Because everything happens so quickly in that social space, by the time you’ve noticed anything was going on with the chatbot, someone is already private messaging you asking you to strip naked if you don’t specifically block them. So you have an authoritarian chatbot that tries to moderate all of the different chatrooms, and yet has no real power to stop genuine abuse by creepers online, who ask abusive questions like “do you understand complex math” to people who it should just be taken for granted that they understand complex math, unless they specifically state otherwise.

Some of the good aspects about the development community, unlike other groups: it’s possible to have a constructive conversation about how to install certain company docker images. I’ve also met some fellow open source developers in this space. Who knows what might end up coming up with that social relationship.

But generally, be mindful that chatbots are not yet ready to be deployed to moderate a bunch of different chatrooms. A simple work around solution might be to employ a different chatbot for each chatroom, as I’m not entirely against automated moderation. But there should still be measures to prevent report button abuse. Whether that’s limiting the amount of times a user can report a specific person. Something needs to be done to prevent the abuse.

We need something better than data harvesting to nurture the growth of a genuinely caring and humane AI that is often discussed on SingularityNet. On one hand, an AI needs a lot of data to carry on basic essential functions in order to do its task well, and yet as a privacy advocate I also don’t want it harvesting a lot of personal data about me. One positive side to rules based approaches, is that data doesn’t need to be harvested to carry out essential functions.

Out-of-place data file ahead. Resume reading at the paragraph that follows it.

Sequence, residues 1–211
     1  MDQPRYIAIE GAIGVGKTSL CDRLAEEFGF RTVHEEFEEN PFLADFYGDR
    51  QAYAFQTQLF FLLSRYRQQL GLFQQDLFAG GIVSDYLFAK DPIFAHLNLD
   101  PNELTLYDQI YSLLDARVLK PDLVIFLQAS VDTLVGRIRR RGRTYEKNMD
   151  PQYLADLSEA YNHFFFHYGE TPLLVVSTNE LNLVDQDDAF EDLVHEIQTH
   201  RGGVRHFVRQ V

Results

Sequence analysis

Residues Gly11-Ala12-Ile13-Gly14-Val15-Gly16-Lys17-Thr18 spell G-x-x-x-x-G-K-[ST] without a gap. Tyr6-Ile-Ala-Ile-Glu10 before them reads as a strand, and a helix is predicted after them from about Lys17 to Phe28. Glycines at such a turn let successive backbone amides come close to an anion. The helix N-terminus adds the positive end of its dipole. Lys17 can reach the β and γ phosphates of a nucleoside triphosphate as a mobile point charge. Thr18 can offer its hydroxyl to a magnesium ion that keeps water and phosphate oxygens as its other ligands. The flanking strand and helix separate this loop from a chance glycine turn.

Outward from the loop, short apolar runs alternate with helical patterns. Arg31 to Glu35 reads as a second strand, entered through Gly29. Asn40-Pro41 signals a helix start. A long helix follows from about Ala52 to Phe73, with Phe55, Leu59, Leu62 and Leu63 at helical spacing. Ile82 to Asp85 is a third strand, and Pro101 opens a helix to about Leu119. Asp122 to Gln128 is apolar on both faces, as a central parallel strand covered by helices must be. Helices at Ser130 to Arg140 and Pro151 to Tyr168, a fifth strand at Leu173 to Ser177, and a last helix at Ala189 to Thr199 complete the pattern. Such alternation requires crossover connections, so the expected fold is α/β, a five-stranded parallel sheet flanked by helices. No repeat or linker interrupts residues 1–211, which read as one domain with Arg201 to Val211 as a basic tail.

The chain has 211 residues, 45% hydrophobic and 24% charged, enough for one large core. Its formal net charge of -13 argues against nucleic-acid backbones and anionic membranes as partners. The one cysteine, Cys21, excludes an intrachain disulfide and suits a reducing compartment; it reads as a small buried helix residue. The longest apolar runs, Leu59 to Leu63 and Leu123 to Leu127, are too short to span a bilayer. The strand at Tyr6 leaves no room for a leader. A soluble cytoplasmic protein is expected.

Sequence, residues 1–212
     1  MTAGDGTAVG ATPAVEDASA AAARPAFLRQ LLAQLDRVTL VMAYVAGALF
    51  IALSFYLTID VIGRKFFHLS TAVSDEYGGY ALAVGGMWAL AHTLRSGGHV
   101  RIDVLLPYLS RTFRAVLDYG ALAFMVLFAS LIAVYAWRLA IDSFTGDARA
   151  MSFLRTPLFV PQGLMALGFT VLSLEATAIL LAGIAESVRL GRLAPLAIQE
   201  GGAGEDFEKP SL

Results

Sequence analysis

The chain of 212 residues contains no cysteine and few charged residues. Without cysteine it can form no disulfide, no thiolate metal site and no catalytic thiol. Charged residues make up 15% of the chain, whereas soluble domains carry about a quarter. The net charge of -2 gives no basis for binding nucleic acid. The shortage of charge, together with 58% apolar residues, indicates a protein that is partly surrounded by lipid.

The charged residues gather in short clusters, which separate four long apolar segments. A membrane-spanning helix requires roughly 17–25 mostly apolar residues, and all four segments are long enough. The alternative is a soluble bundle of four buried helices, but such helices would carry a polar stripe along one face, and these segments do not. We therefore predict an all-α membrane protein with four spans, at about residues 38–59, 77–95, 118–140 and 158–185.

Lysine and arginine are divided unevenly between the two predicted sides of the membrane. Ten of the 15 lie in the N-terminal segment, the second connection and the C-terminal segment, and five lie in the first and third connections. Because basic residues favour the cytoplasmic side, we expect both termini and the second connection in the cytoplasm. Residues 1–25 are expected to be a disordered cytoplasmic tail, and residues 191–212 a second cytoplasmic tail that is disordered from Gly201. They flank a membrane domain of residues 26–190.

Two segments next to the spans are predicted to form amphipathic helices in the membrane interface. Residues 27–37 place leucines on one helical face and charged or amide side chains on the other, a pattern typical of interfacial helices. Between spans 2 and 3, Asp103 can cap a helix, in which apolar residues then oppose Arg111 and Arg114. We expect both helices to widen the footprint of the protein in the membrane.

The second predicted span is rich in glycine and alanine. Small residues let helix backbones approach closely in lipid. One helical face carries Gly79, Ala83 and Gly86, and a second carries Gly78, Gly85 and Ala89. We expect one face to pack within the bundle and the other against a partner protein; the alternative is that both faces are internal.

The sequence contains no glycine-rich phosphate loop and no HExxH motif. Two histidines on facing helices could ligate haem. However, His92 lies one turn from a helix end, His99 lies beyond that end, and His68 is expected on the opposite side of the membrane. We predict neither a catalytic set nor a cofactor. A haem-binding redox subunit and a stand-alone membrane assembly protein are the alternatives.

Some of the functions we need, it for it to be able to accurately predict when a stoplight is going to be green or red, but also how to accurately measure someone’s weight at the doctor’s office. Will the way Secure Scuttlebutt handles data, that data is kept on your computer, until you’re synced up to the web, this way nothing is being sent out while you’re offline. But it’s a decentralized and partially offline social network. For AI though, it needs data much like how the human body needs food and water to survive.

While there are methods of generating fake data, you’re only able to fake from an existing set of data, rather than made up persons. We need a system where an AI is still getting the data it needs, without also harvesting people’s personal data: we need a better system of producing placebo data that can give an AI an accurate estimation for functions, without necessarily revealing the actual identity of people using that data.

We also need to not completely disregard rules based systems, any more than we need to trash the hammer and chisel the human mind uses to build a pyramid. I was watching one machine learning professional on Lex Friedman’s show ( absolutely excellent show, and you should absolutely check it out ), where one guy advocating for a hybrid approach. To me this person hit on something that I consider really important as we head in the direction of Artificial General Intelligence.